Over the course of the last year many employers and hiring managers have heard that big data is the “hot new thing.” But as with all “hot new things,” there’s as much misinformation about data science as there are facts. Here are three misconceptions about big data and data science that I often encounter:
1. Big data is statistics and business intelligence with more data. There’s nothing new here.
This is a view often held by those with limited or no software development experience and it is plainly false. The perfect analogy for this is ice. Ice is just cold water right? There’s nothing new here. However, cooling down water doesn’t just change a quantitative property (temperature) but drastically changes its qualitative properties (transforming a liquid to a solid). The same can be said of more data. Big data strains and ultimately breaks the old paradigms of computation. With big data, all the data cannot fit into RAM and the traditional BI calculations would take years complete. Parallelization and distributed computation are obvious answers to scaling, but this is not always easy: Even a simple statistical tool like logistic regression does not easily parallelize. Distributed statistical computation is as different from traditional business analytics as ice is from water.
2. Data scientists are just rebranded software engineers.
Sometimes engineers with strong software development backgrounds will rebrand as data scientists for the salary premium. This can lead to subpar results. At the simplest level, debugging stats bugs becomes much harder. Engineers are trained to spot and solve programming bugs. But without a solid background in probability and statistics, they often have a hard time solving statistical bugs. Your code might be just fine but if you didn’t reweight your training examples correctly, your predictions will be off.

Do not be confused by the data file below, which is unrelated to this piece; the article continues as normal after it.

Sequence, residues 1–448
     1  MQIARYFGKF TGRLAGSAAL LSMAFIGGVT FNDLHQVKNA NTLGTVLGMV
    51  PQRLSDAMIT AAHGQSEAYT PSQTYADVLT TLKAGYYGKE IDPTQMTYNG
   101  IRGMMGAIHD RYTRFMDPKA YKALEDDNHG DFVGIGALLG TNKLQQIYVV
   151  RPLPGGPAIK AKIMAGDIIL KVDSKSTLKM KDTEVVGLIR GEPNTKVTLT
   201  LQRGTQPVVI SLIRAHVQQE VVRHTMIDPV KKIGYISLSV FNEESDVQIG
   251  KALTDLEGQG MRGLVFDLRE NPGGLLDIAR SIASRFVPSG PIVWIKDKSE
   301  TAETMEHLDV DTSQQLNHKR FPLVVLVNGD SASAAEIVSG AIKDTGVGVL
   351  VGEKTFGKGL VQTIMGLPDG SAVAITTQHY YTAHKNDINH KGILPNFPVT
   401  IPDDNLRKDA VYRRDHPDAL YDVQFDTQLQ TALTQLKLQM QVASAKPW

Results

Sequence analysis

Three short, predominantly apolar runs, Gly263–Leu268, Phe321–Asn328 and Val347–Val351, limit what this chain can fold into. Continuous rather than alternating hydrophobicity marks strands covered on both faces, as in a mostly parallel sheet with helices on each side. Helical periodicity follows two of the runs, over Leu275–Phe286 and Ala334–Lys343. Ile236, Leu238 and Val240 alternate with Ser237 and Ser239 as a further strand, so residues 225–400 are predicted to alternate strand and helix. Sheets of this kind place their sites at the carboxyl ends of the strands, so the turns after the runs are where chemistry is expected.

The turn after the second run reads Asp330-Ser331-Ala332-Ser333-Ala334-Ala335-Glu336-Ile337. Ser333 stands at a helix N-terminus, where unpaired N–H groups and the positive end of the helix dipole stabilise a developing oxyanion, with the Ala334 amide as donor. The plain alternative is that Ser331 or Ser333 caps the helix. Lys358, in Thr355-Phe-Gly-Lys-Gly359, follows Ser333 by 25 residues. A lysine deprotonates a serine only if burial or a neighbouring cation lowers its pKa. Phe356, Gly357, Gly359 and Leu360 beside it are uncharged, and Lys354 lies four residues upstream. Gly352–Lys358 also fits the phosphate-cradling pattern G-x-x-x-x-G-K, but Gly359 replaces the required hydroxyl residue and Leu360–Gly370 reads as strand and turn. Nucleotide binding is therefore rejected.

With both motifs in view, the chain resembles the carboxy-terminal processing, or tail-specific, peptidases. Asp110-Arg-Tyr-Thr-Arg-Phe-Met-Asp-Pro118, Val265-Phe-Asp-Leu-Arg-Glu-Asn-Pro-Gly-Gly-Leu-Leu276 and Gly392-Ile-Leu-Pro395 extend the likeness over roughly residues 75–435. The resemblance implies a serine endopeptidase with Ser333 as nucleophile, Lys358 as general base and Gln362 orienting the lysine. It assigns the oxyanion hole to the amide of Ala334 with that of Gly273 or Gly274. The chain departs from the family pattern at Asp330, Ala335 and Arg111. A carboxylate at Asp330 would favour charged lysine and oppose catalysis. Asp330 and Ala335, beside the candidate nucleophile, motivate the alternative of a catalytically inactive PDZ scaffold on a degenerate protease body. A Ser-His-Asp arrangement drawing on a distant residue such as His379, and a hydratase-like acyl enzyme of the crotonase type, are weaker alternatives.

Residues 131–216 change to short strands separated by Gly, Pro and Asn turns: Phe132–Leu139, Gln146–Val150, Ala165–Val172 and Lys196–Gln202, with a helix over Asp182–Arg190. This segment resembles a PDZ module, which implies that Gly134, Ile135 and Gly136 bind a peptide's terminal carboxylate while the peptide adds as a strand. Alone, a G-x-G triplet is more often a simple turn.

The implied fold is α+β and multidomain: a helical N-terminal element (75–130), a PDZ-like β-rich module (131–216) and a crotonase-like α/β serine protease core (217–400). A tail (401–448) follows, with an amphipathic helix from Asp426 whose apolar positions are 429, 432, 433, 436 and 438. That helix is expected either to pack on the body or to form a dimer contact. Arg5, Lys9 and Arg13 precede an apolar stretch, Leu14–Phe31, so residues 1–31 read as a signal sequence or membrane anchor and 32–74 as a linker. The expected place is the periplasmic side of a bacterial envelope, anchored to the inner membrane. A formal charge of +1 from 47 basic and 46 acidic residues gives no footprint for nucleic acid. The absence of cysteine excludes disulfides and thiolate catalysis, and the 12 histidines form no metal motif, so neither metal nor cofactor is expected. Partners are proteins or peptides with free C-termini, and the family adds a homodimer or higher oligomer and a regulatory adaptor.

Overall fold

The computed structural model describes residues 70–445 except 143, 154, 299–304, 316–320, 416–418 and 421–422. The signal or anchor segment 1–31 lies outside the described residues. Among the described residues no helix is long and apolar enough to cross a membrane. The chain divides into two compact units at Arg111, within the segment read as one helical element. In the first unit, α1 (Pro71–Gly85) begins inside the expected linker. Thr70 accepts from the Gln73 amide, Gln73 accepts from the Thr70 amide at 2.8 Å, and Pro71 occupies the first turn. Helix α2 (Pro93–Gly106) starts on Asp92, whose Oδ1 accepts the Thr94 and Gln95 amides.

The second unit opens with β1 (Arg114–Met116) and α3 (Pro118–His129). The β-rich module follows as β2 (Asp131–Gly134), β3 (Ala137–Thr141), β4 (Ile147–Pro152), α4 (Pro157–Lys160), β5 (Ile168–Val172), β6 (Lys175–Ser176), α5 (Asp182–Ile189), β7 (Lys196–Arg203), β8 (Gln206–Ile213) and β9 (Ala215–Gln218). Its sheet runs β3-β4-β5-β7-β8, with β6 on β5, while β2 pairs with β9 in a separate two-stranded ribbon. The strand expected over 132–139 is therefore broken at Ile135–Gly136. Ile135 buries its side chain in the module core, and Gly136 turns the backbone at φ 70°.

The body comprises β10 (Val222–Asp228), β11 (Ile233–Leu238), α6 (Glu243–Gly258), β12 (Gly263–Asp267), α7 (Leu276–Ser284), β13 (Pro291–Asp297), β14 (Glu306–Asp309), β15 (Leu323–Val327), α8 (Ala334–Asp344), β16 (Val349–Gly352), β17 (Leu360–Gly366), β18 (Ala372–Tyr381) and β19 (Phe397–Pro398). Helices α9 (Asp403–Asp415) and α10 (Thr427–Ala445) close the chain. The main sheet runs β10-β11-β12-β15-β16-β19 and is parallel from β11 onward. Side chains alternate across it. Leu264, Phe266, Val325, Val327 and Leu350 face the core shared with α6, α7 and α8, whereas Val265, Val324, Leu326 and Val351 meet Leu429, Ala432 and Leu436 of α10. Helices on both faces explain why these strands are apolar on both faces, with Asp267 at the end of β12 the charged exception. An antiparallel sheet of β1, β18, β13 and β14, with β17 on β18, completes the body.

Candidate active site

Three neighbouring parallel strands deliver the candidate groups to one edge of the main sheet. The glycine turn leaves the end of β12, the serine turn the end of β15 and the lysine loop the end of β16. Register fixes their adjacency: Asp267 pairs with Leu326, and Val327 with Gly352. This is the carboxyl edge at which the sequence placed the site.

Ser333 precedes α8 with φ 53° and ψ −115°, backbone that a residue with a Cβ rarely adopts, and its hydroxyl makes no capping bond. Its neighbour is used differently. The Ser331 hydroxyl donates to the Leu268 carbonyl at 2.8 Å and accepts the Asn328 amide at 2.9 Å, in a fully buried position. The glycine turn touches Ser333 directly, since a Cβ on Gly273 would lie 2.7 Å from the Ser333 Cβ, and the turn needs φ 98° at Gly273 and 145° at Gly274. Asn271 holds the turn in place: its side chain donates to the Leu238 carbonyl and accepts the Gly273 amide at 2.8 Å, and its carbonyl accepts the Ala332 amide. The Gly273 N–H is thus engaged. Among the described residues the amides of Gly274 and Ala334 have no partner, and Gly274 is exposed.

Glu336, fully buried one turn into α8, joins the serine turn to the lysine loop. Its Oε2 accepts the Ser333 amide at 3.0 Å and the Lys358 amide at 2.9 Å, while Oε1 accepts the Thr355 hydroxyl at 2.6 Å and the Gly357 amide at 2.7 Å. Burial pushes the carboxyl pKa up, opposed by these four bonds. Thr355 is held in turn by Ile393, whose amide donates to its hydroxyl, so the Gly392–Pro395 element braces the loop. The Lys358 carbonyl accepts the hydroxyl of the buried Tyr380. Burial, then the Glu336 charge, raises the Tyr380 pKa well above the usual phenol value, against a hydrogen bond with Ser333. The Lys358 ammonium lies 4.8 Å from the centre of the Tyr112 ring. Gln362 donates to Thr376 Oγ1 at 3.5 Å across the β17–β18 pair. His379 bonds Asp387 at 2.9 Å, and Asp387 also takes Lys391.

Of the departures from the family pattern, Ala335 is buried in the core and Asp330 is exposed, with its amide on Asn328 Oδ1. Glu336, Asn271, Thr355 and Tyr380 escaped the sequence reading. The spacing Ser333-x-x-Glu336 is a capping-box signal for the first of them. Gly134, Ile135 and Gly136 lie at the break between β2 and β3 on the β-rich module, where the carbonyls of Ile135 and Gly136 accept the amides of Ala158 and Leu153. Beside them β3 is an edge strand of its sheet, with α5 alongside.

3. Data scientists don’t need to understand the business, the data will tell you everything.
People with machine-learning backgrounds often succumb to this one, in part because machine learning is so powerful. But it is not omnipotent. Searching for all possible correlations is time consuming, not to mention statistically problematic. Data scientists need to be guided by business intuition to help them distinguish between spurious correlations and real ones. Lack of domain expertise can lead to ill-founded conclusions (“more police officers leads to higher crime rates”) that prompt bad policy recommendations (“cut the policing staff in high crime neighborhoods”). Finally, having business intuition is also important for convincing key stakeholders. These stakeholders might not be data-scientists but are usually domain experts: Talking about your correlations in a language they can understand is key to getting the kind of institutional buy-in that is necessary for data science to achieve its promise.
Big data and data science is about building the right model that combines the right engineering, statistical, and business skills. Without all three, your data scientists will not be able to achieve everything they set out to do.